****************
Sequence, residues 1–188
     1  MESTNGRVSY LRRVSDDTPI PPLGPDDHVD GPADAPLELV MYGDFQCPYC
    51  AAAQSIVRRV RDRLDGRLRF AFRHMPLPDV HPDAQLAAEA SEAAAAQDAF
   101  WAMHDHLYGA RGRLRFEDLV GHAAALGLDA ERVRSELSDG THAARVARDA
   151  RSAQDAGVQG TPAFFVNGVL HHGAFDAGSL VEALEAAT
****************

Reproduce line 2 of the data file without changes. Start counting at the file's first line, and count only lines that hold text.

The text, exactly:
     1  MESTNGRVSY LRRVSDDTPI PPLGPDDHVD GPADAPLELV MYGDFQCPYC